Since then, competition has intensified. With ever greater ease, rival companies can get access to similar low-cost suppliers from all over the world. They can streamline their operations with the same information technology their competitors use; they can cut their labor force and substitute similar software, culled from many of the same vendors. They can just as readily outsource hourly jobs abroad. They can get capital for new investment on much the same terms. They can gain access to distribution channels that are no less efficient, some of them even identical (Wal-Mart or other big-box retailers). They can attract shareholders by showing even slightly better performance, or the promise of it.

The dilemma facing so many companies is therefore how to beat rivals. Even a small advantage can make a huge difference to the bottom line. In economic terms, CEOs have become less like top bureaucrats and more like Hollywood celebrities or star athletes, who take a share of the house. Hollywood’s most popular celebrities now pull in around 15 percent of whatever the studios take in at the box office, and athletes are also getting a growing portion of sales. As the New Yorker’s James Surowiecki has reminded us, Mickey Mantle earned $60,000 in 1957. Carlos Beltran made $15 million in 2005. Even adjusting for inflation, Beltran got 40 times as much as Mantle. Clark Gable earned $100,000 a picture in the 1940s, which translates into roughly $800,000 today. Tom Hanks, by contrast, makes closer to $20 million per film. Movie studios and baseball teams find it profitable to pay these breathtaking sums because they’re still relatively small compared to the money these stars bring in and the profits they generate. Today’s big companies are paying their CEOs mammoth sums for much the same reason.

In the world of finance, the numbers are yet greater. Top investment bankers and traders take home even more than CEOs or most Hollywood stars. For the managers of twenty-six major hedge funds, the average take-home pay in 2005 was $363 million, a 45 percent increase over their average earnings the year before. The Wall Street meltdown took its toll on some of these hedge funds and their managers, but by the end of 2009 many were back.

This economic explanation for these startling levels of pay does not justify them socially or morally. It only means that in our roles as consumers and investors we implicitly think CEOs, star athletes, and Hollywood celebrities are worth it. As citizens, though, most of us disapprove. Polls continue to show that a great majority of Americans believes CEOs are overpaid, and that inequality of income and wealth is a large problem.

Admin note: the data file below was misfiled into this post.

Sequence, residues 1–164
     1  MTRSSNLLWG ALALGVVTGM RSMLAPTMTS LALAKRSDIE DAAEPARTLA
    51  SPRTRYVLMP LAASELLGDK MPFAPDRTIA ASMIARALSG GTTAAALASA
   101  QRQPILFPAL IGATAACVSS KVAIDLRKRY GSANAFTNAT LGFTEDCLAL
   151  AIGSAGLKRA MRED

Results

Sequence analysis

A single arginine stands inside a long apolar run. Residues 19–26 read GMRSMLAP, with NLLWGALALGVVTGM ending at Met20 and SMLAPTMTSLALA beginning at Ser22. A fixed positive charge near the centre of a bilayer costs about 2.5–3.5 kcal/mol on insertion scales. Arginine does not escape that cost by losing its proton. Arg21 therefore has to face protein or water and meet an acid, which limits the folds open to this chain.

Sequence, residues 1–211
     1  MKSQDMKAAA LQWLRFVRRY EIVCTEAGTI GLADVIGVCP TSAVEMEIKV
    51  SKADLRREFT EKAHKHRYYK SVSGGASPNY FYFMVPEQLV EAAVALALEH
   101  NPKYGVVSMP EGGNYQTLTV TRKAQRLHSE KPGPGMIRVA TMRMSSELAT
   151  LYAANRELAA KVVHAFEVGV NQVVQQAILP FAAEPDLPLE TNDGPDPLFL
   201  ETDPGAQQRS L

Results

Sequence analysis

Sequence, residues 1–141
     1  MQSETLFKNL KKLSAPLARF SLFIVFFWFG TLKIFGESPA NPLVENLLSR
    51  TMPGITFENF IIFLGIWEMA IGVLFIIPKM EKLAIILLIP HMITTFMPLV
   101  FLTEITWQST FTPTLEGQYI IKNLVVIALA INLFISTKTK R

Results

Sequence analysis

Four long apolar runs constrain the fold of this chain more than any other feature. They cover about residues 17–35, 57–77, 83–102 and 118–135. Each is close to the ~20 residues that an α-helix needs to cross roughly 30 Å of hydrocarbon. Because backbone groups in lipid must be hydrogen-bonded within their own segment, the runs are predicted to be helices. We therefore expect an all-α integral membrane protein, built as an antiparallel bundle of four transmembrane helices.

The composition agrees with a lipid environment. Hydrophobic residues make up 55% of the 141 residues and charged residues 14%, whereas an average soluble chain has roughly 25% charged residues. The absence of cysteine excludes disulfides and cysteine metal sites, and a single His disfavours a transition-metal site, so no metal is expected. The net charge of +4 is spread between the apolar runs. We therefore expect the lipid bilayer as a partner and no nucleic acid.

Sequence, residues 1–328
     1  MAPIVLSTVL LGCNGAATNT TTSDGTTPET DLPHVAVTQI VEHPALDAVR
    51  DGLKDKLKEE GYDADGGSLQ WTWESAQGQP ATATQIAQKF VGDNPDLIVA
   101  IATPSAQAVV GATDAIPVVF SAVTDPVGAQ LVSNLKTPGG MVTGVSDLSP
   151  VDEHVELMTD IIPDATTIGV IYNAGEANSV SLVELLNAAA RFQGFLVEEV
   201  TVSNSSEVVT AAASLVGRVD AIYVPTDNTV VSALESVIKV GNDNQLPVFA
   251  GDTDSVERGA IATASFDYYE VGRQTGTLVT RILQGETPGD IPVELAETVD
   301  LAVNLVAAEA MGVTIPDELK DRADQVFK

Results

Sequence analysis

In short, our nation’s wealth is becoming even more concentrated at the top. It has become the financial equivalent of hydrodynamics: Large streams of income create even larger pools of wealth. The family of Wal-Mart founder Sam Walton has a combined fortune estimated to be about $90 billion. In 2005, Bill Gates was worth $46 billion; Warren Buffet, $44 billion. By contrast, the combined wealth of the bottom 40 percent of the United States population that year—some 120 million people—was estimated to be around $95 billion. Here again, the Great Recession of 2008–2009 took a toll; some of these billionaires’ fortunes were whittled down by 20 to 40 percent. But even then, they remained immense.

As citizens, we may feel that inequality on this scale cannot possibly be good for us, and Wilkinson and Pickett supply the evidence that confirms our gut sense of unease. Such inequality undermines the trust, solidarity, and mutuality on which responsibilities of citizenship depend. It creates a new aristocracy whose privileges perpetuate themselves over generations (one of the striking findings in these pages is that America now has less social mobility than many poorer countries). And it breeds cynicism among the rest of us.